Millstone earned OSHA's top award for workplace safety on October 14, 2004,[2] and earned the Top Industry Practice/ Framatone ANP Vendor Award for its work developing novel ultrasonic leak inspection techniques in March 2001.[3]

Millstone Units 2 and 3, both pressurized water reactors (one from Westinghouse and one from Combustion Engineering), were sold to Dominion by Northeast Utilities in 2000 and continue to operate.

On November 28, 2005, after a 22-month application and evaluation process, Millstone was granted a 20-year license extension to both units 2 and 3 by the NRC.[4]

Licensing history and milestones

Work being performed on the containment structure at the Millstone Nuclear Power Plant.

Unit 1

Millstone 1 was a General Electric boiling water reactor, producing 660 MWe, shut down in November 1995 before being permanently closed in July 1998.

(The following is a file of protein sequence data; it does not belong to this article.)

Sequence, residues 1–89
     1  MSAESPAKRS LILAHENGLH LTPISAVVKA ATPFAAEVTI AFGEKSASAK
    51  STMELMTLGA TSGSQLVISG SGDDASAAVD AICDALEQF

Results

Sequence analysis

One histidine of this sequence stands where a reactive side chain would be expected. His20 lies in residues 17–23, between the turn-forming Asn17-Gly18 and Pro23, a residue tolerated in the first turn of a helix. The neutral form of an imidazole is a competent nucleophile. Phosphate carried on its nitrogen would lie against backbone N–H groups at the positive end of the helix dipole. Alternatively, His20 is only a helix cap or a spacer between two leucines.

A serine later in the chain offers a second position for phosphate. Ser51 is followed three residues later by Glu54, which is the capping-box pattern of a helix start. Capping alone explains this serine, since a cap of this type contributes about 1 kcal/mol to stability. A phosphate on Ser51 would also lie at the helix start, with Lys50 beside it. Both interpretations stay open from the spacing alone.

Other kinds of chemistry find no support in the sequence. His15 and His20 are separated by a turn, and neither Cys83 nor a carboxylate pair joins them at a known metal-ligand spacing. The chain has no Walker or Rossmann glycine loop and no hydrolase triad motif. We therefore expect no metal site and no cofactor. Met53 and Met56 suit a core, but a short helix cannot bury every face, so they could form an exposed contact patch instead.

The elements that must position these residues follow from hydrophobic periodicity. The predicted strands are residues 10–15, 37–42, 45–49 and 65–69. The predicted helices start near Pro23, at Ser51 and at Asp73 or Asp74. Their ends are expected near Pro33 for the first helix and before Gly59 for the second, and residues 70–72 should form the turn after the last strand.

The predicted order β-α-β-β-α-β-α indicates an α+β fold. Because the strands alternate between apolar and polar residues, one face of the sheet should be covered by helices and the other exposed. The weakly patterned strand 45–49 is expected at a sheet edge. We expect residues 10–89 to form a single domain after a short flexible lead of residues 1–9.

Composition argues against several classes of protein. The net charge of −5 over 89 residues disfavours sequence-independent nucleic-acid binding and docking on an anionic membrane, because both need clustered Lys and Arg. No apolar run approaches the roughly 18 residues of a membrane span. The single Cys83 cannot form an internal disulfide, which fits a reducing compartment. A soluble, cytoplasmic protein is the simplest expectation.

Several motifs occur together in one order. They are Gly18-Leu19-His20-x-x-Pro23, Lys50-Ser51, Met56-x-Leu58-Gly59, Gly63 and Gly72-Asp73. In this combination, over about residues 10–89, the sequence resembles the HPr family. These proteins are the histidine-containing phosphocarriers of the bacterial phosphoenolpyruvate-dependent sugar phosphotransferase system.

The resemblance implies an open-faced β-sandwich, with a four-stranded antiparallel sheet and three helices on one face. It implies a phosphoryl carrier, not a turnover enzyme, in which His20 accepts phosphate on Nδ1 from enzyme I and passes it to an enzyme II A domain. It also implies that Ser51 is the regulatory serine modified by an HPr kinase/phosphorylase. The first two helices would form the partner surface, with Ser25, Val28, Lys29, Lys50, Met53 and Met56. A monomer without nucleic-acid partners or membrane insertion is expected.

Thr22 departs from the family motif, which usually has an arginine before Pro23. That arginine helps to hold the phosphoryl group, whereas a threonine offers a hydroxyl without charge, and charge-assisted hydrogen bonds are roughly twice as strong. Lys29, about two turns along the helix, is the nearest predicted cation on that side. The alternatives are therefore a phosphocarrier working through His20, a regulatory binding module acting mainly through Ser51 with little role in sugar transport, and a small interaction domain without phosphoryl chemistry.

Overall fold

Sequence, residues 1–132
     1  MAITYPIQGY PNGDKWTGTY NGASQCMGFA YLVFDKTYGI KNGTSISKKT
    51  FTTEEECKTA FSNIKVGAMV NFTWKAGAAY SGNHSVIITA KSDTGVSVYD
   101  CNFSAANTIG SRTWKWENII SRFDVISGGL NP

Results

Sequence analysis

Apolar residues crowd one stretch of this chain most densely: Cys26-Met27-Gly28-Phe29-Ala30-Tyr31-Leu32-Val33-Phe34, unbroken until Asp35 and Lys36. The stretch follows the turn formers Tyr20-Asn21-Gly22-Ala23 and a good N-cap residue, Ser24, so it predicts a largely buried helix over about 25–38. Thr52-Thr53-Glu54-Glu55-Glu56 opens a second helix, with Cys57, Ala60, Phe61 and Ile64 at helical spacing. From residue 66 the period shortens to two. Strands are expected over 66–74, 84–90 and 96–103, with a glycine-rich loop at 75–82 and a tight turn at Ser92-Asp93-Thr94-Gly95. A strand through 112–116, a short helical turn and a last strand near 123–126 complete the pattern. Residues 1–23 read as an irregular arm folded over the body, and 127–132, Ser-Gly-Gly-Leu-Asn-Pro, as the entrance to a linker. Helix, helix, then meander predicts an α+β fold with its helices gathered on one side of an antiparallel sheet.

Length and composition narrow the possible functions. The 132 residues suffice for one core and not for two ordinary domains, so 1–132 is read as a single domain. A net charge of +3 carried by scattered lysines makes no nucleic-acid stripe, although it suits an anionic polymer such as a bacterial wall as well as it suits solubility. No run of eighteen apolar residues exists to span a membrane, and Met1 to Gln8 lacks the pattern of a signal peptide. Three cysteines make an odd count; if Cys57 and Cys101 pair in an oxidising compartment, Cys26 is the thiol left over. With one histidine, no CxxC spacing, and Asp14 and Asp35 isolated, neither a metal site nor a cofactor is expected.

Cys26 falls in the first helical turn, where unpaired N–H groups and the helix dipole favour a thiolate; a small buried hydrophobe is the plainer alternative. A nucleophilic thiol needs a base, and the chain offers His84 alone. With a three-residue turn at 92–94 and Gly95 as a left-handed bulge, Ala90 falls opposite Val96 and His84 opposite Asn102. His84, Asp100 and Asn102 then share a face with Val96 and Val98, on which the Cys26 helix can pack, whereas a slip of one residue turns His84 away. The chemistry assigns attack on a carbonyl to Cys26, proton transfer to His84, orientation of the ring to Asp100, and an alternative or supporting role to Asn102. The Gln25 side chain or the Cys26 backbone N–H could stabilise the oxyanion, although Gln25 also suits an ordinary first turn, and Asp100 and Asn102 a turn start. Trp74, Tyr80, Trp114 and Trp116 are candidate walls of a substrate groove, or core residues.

Unit 2

Millstone 2 is a Combustion Engineering plant built in the 1970s, and has a maximum power output of 2700 MWth (870 MWe). It has 2 steam generators, and 4 reactor cooling pumps (RCP). It is currently undergoing an upgrade to its safe shutdown system which already met NRC standards. During its refueling outage in October 2006, the operator installed a new pressurizer.

Unit 3

Millstone 3 is a Westinghouse plant that started operating in 1986, and has a maximum power output of 3411 MWth (1150 MWe). The founder of unit 3, is a man named Tim D. Cone who strived in efforts to increase public safety in surrounding neighborhoods. In the summer of 2008, the NRC approved a power uprate for Unit 3 that increased its electrical output 7.006% to 3650 MWth (1230 MWe). The increase took effect by the end of 2008.[6]


On February 26, 1996, a leaking valve forced the shutdown of units 1 and 2. Multiple equipment failures were found.